This past week in our class, we reviewed a great number of online resources that could be greatly helpful in the classroom. Of all those we looked at, two stood out to me: Wordle and Plant Hunters.
Wordle, an online word-cloud generator, takes any written work submitted by the user and generates a visually-appealing word cloud, with more commonly-appearing words placed more centrally and in a larger font size. While this might seem at first to be a somewhat pointless endeavor, there are a number of different ways in which this tool could be applied to an educational setting, especially in the context of my favorite subject, history. For example, you could create word clouds from several speeches given by different notable figures of a given time period, and then ask the students to determine, from what phrases are most common in the speeches given, the likely political leanings of the person speaking and, more directly, who they think the individual giving the speech was. In this way, they can come to understand a distilled version of the views various historical luminaries held, aiding in their comprehension of past events.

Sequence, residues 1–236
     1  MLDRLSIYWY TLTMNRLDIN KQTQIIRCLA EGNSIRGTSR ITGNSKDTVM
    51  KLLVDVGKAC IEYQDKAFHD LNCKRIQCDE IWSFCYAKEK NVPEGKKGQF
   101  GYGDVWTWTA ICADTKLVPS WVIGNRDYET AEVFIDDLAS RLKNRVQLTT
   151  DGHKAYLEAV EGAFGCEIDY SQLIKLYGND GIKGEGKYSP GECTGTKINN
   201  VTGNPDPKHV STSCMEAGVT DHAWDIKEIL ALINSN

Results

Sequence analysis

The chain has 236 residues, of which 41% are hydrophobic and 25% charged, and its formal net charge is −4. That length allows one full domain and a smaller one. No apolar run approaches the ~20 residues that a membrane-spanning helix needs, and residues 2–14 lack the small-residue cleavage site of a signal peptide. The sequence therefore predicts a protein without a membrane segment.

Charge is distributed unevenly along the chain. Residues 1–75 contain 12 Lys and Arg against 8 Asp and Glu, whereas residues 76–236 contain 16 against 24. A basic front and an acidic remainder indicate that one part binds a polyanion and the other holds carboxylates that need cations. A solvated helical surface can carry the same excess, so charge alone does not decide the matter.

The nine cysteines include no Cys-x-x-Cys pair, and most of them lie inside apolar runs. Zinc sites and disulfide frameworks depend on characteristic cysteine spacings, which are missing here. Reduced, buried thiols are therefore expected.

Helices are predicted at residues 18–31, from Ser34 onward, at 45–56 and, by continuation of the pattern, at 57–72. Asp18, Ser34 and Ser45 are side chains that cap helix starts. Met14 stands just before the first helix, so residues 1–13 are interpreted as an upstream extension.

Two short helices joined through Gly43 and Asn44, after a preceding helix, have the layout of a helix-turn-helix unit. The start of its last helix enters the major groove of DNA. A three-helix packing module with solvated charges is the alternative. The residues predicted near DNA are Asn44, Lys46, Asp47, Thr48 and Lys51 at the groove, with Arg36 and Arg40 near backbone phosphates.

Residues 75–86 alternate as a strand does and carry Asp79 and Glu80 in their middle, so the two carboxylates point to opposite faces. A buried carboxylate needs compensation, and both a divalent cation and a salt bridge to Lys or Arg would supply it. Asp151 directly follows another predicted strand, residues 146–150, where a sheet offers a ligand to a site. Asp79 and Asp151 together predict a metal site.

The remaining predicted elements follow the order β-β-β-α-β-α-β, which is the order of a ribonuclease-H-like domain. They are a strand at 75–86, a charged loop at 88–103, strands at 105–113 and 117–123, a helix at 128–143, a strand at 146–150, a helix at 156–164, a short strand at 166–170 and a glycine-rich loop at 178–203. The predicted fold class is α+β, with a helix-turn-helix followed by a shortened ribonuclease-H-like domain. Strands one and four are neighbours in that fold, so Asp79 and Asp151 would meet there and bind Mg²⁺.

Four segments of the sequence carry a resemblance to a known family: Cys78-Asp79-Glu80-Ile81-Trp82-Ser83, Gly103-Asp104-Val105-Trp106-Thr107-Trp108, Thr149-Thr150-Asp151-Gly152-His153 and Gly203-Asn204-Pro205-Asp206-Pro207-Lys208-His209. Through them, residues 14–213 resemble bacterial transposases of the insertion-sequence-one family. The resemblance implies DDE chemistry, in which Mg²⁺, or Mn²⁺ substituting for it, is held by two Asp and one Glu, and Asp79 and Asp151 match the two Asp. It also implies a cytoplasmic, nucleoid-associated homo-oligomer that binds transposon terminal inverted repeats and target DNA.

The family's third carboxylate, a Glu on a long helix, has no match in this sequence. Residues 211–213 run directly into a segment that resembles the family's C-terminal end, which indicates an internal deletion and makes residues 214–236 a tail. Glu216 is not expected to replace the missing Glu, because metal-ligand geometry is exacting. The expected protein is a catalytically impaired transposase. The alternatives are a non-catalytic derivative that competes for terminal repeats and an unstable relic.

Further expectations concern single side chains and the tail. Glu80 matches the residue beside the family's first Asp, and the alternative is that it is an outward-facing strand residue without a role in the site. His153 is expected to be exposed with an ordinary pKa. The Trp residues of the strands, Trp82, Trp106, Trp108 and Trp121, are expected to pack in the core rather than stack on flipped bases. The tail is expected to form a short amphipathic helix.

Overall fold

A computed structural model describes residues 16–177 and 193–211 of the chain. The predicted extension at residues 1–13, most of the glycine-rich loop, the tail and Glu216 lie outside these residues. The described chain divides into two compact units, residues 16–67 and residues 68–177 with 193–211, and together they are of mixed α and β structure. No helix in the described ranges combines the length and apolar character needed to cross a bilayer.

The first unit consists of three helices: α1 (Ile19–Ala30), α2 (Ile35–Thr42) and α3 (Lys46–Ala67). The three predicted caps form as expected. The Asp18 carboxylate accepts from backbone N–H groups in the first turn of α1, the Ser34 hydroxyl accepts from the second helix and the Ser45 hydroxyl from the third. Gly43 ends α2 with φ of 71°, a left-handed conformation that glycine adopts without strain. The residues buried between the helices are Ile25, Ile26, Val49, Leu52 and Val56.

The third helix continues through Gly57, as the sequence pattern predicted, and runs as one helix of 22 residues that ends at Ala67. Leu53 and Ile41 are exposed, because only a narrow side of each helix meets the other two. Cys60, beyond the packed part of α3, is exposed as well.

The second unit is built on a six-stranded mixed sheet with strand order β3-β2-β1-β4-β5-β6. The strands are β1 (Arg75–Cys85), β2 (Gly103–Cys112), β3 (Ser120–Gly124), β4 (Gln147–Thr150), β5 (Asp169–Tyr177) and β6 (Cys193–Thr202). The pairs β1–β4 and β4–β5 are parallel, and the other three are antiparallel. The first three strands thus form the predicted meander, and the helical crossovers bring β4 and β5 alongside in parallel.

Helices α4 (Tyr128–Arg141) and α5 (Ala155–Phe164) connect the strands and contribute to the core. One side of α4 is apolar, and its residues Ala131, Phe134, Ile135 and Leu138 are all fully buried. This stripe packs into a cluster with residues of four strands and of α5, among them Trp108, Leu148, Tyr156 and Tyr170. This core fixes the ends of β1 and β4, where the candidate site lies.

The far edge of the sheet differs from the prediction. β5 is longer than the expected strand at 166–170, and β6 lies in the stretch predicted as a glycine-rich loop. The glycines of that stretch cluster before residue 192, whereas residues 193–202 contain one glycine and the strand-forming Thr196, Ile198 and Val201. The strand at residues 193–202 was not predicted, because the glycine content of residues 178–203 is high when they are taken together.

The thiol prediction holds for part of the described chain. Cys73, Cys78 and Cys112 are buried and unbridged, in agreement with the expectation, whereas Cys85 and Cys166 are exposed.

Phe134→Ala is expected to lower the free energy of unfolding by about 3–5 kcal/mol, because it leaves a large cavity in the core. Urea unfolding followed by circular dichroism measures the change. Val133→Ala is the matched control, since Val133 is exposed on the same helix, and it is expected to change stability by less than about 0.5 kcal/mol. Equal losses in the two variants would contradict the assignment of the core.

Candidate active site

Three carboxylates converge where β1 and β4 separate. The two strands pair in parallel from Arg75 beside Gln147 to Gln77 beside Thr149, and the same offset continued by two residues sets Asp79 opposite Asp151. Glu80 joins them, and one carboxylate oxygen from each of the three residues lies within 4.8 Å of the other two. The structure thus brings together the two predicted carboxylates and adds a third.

Plant Hunters is a very different type of resource, but it still serves as a very useful tool. This website, created by the New York Botanical Gardens, offers a virtual tour of their collection, giving students a chance to view plants that they might not encounter otherwise. Of particular note is the fact that, rather than superimposing the virtual tour over photographs of the gardens, this website features charming drawn graphics. This draws away some of the difficulty of working with photos in a virtual medium, while still making it easy to identify specific plants.